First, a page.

My past month has brought something new to my workday. I’m a big advocate of writing for any role involved in a SaaS product, but it’s imperative for customer success. And while I’ve had the privilege of writing onboarding campaigns, interacting with customers over email and live chat, sending marketing emails, and summarizing research results in my roles, there is one bit of work I have never done.
Write UI copy. And as it turns out, I freaking love it.
This past month, while our team polished up the first phase of Conveyor in preparation of our private beta, I’ve been reviewing and tweaking the copy for all areas of the product. This has been a big, challenging undertaking. And a fun one!
While I’d love to chatter on about the importance of micro-copy and looking for opportunities to delight in this type of writing, today I want to focus on how to organize an endeavour like this. If you have a product of any size, there is a lot to keep track of. And if there is one thing you want in the copy of your product, it’s consistency.
Once I started to dig in on just seeing what our current copy was and all the bit of the product that include copy, I realized I needed some structure to this work. I immediately read a handful of posts to get some insight here, including re-reading a lot of John Saito’s work, but did not find any in-depth tutorial that laid out a good foundation, toolset, or process.
And so I just reviewed my tools on hand. OmniOutliner and Ulysses got some consideration, but since I would need to share my copy suggestions with my teammates, I went with Paper.
Paper from Dropbox is one of our current favourite tools at Wildbit. We’ve been using it since it first debuted and it just continues to improve. People are using it for so many different types of work (see this example from Noah Stokes and the Creative Market team).
And it has been working fairly well, especially the auto-generated table of contents in the sidebar. Since Conveyor is a Mac client with a full set of cloud services and a web front end, there’s a lot of different places where I need to review copy (as the screenshot below indicates — it does not all fit in the small vertical height of my MacBook screen). I love the ability to work on a bit of copy for the web app, then hover over the sidebar to flip to a corresponding screen in the Mac client. Consistency, remember?
But as time has gone on, this Paper doc has begun to get a tad unwieldy. There have been a couple of times where I wondered if I had missed the best tool at my disposal. Keynote.
And this past weekend, I was reading through the transcript of the second episode of Craig Mod’s new podcast, On Margins (yes, I rarely listen to podcasts and am very thankful for people who publish a full transcript). He was interviewing Frank Chimero, two great minds of our generation, to discuss making books.
Of course, in a 45 minute conversation, a lot of sub-topics pop up and they touched on Keynote. And their dialogue well captured what I love about this app. They begin to talk about their creative process and large walls and putting up materials to meditate on, to move around as the creative juices do their thing. And Frank says this:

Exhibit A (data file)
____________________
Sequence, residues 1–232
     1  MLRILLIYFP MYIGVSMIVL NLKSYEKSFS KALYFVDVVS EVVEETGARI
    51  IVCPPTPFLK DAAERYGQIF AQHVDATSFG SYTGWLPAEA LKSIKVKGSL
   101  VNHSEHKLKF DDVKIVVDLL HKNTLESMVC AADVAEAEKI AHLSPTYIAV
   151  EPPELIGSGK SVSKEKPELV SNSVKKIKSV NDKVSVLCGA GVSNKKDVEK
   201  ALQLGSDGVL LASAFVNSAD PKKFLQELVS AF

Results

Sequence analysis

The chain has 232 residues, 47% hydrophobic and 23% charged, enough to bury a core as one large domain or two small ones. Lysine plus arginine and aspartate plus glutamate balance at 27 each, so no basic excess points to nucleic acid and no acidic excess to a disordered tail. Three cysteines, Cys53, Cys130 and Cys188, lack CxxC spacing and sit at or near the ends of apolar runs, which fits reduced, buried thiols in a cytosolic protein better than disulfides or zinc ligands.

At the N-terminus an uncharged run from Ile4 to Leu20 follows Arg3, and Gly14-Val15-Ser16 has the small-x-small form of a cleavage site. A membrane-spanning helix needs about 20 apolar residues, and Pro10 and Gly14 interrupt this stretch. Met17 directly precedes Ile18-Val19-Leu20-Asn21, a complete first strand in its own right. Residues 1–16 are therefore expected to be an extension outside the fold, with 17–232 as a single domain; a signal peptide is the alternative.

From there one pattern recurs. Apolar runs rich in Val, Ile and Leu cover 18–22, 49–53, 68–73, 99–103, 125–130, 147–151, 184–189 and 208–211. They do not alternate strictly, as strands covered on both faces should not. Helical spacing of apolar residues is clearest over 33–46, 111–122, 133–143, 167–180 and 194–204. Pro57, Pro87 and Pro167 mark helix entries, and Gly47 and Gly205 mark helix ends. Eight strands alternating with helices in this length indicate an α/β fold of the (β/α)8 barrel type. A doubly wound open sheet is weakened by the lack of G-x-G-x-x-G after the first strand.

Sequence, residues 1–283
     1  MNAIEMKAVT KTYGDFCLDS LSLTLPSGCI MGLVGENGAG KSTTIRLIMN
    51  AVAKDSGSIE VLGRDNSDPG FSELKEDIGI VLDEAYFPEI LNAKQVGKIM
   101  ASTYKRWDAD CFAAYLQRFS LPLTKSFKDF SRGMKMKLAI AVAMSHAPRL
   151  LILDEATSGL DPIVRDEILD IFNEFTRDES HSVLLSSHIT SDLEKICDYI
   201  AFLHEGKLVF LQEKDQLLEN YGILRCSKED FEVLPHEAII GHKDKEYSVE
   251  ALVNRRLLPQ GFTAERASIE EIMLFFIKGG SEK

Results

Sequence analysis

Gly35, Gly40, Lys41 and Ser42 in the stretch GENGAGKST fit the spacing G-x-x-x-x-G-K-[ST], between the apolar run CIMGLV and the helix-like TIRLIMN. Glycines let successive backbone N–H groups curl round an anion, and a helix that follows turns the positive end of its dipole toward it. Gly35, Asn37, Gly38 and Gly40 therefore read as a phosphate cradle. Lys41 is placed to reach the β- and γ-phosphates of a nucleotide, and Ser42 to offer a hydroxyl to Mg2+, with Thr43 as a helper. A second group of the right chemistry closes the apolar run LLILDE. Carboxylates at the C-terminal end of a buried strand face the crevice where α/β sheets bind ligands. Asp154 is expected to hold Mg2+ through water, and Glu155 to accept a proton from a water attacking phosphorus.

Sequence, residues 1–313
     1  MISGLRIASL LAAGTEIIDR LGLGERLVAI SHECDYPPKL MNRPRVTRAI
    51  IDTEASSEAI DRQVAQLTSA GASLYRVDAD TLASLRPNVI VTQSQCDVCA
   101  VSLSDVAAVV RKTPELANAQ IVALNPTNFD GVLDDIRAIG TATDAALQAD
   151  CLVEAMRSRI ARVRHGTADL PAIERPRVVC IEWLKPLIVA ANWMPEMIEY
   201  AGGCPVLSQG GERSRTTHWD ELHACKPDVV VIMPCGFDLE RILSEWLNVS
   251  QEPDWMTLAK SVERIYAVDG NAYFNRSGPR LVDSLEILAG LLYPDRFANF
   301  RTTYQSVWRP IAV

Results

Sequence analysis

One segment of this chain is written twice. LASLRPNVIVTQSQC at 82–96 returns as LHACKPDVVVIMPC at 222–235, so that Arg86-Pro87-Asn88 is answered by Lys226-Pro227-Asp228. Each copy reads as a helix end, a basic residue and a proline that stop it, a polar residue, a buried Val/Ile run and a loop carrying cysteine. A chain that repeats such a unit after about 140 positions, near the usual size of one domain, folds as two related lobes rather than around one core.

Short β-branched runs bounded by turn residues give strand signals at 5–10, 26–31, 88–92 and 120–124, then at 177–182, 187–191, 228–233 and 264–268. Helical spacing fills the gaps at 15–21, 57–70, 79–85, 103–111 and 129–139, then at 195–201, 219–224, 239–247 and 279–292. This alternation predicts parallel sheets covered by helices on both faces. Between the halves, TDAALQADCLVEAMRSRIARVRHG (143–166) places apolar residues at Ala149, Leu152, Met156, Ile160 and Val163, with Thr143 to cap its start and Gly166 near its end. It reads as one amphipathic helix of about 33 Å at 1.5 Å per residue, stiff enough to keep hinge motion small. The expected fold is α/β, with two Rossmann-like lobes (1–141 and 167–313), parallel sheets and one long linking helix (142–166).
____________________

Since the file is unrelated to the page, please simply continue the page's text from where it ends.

And then I buy blue painter tape, and I’ve got a bunch of index cards. And just stray print outs from my crappy little inkjet printer, and I just sort of go to town on it. And sometimes it’s up on the wall, other times I like spread it out on the floor on a table and I’m just trying to sort out these notecards.
Because I have this loosely, blurry idea on my head and I’m trying to find the patterns and all of these things that I’ve been collecting that seem like they’re related somehow. So, the meaning emerges out of that. So, after that, I actually, maybe write a little bit in just like a text editor but I actually go into Keynote. Because what it allows me to do is to get all the images and the quotes arranged in a specific order. And also, I can nest them, I can sort of create a little hierarchy.
So, it becomes almost like a visual outline for me instead of a text outline that you would do in Google Docs or Word or something like that. And that works really well for me, because I can just sort of push things around and type up a quote or I can do a speaker commentary. There’s presenter notes inside of Keynotes so I can just write a full paragraph.
Craig closes this part of the conversation this way:
Keynote really does kind of turn things into objects in a way that text editors don’t. That sort of invite you to move things around in a way that, even in like Google Docs for example can click and drag on images. But I hate doing it, (laughs) like it doesn’t feel good to do it. Keynote I’m constantly shuffling stuff. The nesting works so well with tabs and shift tabs to unnest stuff. Apple really nailed something about tactility in Keynote. To me it feels the closest to like having a wall on the computer, in the same way you can move notecards around on a blackboard or whatever.
I love the descriptions of their process and how Keynote fits into that. It really is one of the most enjoyable tools I work with.
A lot of my teaching material starts in Ulysses as a bunch of bullet points, quotes, and the occasional group of sentences. But it’s when I start fleshing out things in Keynote that it all comes together. One would think that it’s not conducive to the type of usage they describe above, but for some reason it works.
Back to my work with the copy for Conveyor. Paper has been working, but I wonder if Keynote would have been better. I could create the clean outline structure with nested slides, then add suggested copy changes in the speaker notes. It’s certainly not the use case its designers likely had in mind, but that’s the power of a well thought out app. And it’s nothing new for Keynote.
This is one my favourite apps in my tool belt and one I do not mention often enough.